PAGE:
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Editor’s note: Grace under fire

While regulation is crucial to a healthy and controlled mortgage market, there is definitely such a thing as over-regulation.

In recent years, the Mortgage Market Review created a huge shift in how home loans were sold, and which the industry paid for, literally. Then there was the Mortgage Credit Directive, which added further rules for the industry under EU regulation, and both pieces of legislation had seismic impacts on the mortgage world.

And of course next up for the industry to digest is the outcome of the FCA’s study on competition in the sector, which it is currently working on, although the regulatory body is currently in purdah before the general election so updates aren’t expected on that imminently.

It sometimes seems that rules are enforced only to be adjusted, or completely changed, a short-time later with another policy or review, which can lead to a stressful environment as the industry struggles to keep up and confusion grows for customers with never-ending criteria changes for borrowing.

Firms in the industry must struggle to keep apace with the endless legislation imposed on them. But what of rules coming in from the EU with deadlines applied for just before Brexit is completed? In this week’s splash, concerns are raised around the impact of the EU’s General Data Protection Regulation, which comes into effect from May 2018.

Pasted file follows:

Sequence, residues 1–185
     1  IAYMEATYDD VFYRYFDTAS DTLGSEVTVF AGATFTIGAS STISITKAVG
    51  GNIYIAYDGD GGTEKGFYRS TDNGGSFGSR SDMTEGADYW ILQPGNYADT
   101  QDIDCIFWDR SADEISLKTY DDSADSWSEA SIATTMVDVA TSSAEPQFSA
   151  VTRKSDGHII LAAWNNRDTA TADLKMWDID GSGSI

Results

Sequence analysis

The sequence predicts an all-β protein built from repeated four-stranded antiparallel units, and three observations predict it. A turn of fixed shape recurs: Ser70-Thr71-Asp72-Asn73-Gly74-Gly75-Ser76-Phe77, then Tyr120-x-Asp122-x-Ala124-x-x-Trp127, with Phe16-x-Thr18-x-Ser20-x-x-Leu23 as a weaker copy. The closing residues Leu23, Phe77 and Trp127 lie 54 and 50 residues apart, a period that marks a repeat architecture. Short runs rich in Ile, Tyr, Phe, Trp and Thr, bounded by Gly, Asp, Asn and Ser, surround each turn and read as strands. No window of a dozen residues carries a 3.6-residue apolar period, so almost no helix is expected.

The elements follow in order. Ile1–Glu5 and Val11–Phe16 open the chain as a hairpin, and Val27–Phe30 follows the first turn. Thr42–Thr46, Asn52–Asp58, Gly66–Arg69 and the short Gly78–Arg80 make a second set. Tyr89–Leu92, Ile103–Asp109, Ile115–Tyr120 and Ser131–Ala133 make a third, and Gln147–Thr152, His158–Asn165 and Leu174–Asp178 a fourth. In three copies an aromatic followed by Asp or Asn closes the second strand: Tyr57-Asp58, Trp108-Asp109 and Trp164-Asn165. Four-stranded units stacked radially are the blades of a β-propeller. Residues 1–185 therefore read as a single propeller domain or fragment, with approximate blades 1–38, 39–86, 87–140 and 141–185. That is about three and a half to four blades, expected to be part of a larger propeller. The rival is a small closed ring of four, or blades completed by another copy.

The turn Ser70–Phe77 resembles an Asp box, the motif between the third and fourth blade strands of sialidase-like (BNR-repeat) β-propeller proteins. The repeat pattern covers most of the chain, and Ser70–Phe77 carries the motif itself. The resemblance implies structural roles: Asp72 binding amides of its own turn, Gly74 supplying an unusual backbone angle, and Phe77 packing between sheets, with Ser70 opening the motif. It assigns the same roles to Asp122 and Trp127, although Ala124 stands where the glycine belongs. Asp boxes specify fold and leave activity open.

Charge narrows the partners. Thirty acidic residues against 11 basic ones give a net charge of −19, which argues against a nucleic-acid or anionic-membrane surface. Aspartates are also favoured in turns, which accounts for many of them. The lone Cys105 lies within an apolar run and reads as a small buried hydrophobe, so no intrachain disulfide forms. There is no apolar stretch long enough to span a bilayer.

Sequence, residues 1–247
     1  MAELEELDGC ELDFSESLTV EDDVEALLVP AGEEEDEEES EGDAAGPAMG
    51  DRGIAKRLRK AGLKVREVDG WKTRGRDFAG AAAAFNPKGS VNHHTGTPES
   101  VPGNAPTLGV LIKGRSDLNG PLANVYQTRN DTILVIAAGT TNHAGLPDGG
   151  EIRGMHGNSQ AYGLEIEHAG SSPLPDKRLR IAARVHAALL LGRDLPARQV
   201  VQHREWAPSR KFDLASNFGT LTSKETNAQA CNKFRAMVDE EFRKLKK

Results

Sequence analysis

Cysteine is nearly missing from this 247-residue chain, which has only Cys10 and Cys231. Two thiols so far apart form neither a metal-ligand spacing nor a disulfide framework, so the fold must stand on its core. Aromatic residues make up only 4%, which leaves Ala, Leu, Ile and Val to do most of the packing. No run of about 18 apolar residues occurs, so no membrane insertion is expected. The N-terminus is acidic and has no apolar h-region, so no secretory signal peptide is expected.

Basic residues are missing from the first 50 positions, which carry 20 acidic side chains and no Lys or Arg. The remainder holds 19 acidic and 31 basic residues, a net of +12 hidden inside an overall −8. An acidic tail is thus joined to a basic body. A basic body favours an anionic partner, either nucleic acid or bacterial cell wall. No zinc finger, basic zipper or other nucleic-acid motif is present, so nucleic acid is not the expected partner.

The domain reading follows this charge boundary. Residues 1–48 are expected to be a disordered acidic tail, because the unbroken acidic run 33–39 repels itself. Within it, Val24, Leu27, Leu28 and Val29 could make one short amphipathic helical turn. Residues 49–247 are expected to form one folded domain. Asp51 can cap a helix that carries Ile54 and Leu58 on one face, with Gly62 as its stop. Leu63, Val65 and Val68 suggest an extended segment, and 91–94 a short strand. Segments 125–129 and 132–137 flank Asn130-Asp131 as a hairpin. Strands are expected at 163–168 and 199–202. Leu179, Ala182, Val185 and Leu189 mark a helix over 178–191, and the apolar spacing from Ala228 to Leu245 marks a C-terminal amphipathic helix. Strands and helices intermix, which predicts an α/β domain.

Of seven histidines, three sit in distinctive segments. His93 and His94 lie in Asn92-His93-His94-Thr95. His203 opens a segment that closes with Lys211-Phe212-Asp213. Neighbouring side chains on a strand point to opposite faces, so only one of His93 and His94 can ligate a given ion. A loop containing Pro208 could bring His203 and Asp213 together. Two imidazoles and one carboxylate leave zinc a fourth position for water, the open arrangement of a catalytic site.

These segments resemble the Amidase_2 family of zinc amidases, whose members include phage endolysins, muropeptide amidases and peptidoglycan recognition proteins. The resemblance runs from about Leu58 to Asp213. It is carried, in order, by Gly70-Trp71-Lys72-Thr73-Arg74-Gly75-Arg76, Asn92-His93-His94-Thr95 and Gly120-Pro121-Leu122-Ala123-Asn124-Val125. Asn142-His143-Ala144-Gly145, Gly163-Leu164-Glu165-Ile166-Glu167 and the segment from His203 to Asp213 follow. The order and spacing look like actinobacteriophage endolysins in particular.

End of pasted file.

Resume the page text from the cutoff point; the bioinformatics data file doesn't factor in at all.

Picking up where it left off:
To comply with the rules there will be several processes to go through, which are a drain on time and resources for firms. And we can only speculate as to whether these rules will still apply once the UK has completed its exit from the European Union.

In my humble opinion, it seems that a grace period for complying with such EU rules should be offered, given the UK’s imminent departure, and while the UK Government gets it finger out and draws up a plan for how such regulation will look post-departure.

I know, it’s not that simple, but surely businesses shouldn’t be suffering unnecessarily while plans are formulated.

In other news this week, buy-to-let lenders continued to drop rates in their droves, while HSBC introduced a market-leading five-year fix. It’s good to see competition in the market for the benefit of borrowers, surely that’s something regulators can agree on.

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